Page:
The course will cover the elements of the periodic table that are omitted in general and organic chemistry, mainly the transition (d-block) metals.
The wave nature of electrons is applied to atomic structure and periodic trends. Inter and intramolecular bonding models are used to interpret the chemical and physical properties of various materials, from simplistic diatomic molecules to structurally complex molecular and ionic systems.
This collection accompanies the IONiC VIPEr nanoCHAt video series NeWBiEs, recorded in Spring 2022. This series is comprised of weekly conversations with two IONiC members, Wes Farrell and Shirley Lin from the US Naval Academy, as they taught a foundation-level inorganic chemistry course for the first time. The LOs discussed in the videos are included in this collection.
Introductory topics in inorganic chemistry including descriptive inorganic chemistry, solid-state chemistry, and coordination chemistry with the latter area consisting of nomenclature, stereochemistry, bonding, and reaction mechanisms.
Course Description: This foundational course for 2nd-year students covers the properties and trends of molecules derived from across the periodic table. In addition to main-group elements, a deeper understanding of transition metal ions will be developed. Topics covered include periodicity, bonding, symmetry, and reactivity.
The course is currently designed for a student population impacted by COVID and College policies that the department offer this course every third semester. This semester I have a diverse student population in terms of developmental levels including cohort year (freshman, junior, senior), prior foundational course work (biochemistry, analytical, physical), and research experience. I have altered the assessment part of the course substantively from prior iterations and reduced topic coverage to provide flexibility.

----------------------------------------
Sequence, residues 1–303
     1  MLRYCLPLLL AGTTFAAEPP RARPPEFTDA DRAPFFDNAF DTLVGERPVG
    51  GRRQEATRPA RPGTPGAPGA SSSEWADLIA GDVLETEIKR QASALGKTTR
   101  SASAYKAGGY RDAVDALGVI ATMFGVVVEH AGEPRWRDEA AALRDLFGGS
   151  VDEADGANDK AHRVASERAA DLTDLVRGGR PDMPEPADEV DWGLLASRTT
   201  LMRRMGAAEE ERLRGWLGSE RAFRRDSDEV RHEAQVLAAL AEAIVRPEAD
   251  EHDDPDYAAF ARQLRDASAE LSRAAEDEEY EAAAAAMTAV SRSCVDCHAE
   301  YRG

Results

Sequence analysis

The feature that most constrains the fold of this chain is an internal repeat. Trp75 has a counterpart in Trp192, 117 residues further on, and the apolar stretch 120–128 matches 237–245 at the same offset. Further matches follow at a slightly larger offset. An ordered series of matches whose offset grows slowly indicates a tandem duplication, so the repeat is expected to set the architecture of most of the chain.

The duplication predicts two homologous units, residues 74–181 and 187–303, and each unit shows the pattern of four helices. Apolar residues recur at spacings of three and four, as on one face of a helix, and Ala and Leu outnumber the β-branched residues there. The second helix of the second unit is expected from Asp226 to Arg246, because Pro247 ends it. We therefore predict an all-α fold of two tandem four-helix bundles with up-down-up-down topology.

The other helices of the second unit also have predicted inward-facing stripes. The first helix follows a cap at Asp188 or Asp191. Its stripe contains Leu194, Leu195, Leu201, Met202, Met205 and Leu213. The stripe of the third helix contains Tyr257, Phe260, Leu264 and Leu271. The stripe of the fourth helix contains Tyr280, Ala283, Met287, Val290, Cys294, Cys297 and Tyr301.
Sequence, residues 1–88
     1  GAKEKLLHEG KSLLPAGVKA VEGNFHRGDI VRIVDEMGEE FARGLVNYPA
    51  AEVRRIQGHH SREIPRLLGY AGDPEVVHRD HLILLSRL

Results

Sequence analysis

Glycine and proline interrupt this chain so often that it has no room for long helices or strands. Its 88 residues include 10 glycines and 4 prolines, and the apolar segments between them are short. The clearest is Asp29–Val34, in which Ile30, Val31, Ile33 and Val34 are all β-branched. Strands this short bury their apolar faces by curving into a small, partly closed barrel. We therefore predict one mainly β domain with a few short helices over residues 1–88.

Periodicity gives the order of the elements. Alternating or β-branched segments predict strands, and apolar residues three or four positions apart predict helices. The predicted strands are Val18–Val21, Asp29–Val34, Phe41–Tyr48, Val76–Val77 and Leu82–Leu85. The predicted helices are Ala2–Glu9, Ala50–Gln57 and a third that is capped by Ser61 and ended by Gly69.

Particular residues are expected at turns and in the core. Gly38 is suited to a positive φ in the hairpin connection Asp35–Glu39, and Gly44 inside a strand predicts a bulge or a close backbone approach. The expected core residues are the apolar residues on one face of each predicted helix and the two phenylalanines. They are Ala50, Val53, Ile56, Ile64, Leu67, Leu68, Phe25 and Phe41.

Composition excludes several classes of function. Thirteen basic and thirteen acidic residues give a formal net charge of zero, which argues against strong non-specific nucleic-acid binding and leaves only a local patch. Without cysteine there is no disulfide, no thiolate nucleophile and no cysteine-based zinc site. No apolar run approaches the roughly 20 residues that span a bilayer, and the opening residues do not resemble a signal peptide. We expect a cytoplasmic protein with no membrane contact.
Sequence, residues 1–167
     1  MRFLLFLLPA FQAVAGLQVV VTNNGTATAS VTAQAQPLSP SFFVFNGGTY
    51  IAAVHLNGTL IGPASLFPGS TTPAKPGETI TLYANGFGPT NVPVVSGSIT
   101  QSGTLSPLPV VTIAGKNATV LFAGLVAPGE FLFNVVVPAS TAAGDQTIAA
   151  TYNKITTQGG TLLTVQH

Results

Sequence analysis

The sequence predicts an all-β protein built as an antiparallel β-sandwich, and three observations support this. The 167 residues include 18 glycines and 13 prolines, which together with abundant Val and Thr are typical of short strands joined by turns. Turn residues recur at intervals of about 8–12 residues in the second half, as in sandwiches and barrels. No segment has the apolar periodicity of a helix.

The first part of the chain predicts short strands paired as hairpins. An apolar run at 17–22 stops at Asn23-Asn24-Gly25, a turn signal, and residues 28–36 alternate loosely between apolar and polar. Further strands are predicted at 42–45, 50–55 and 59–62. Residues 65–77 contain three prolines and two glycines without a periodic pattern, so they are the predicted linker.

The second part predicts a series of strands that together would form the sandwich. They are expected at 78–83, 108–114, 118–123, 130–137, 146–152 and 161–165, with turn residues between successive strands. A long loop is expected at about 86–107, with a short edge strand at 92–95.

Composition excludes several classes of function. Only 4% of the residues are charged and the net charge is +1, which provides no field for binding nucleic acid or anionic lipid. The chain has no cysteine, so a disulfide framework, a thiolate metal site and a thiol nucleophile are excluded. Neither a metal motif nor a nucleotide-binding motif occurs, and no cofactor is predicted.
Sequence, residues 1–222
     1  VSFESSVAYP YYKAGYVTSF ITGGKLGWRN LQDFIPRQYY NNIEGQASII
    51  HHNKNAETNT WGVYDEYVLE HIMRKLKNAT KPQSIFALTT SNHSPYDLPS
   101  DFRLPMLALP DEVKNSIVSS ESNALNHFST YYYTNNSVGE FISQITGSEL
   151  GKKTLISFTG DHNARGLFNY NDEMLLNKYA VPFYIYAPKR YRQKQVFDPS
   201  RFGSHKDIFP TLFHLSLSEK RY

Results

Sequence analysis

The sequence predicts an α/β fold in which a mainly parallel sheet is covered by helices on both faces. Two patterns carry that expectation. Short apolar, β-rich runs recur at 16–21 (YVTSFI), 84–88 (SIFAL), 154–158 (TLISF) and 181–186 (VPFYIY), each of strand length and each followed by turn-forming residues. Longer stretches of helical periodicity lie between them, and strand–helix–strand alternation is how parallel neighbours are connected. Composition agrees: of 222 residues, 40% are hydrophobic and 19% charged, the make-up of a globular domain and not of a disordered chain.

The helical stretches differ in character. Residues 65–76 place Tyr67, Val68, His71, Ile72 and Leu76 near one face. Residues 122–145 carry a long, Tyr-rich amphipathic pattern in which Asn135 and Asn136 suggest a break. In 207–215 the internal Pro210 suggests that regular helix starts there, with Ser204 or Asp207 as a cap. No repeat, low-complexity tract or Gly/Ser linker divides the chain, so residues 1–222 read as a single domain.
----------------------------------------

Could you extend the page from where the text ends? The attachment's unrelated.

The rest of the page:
Descriptive chemistry of the main group elements with some emphasis on the non-metals. Transition metal compounds: aspects of bonding, spectra, and reactivity; complexes of n-acceptor ligands; organometallic compounds and their role in catalysis; metals in biological systems; preparative, analytical, and instrumental techniques.
Focuses on structure, bonding, and reaction mechanisms of inorganic compounds using molecular orbital theory as a basis for metal-ligand interaction. Compounds covered include transition metal coordination compounds, organometallic compounds, and bioinorganic complexes. Other topics include redox chemistry, nuclear chemistry, and an introduction to solid-state chemistry.
In searching for a way to review topics before exams, I was informed about this powerpoint template which is macro'd to be operated as a realistic Jeopardy game. The site for the original author of the macro is:
(Jeopardy for PowerPoint by Kevin R. Dufendach is licensed under a Creative Commons Attribution 3.0 United States License.)
A systematic study of both the fundamental principles and the descriptive chemistry needed to understand the properties of the main group elements and their compounds. (Three lecture, one recitation, and three laboratory hours per week) Prerequisites: CHEM 1200.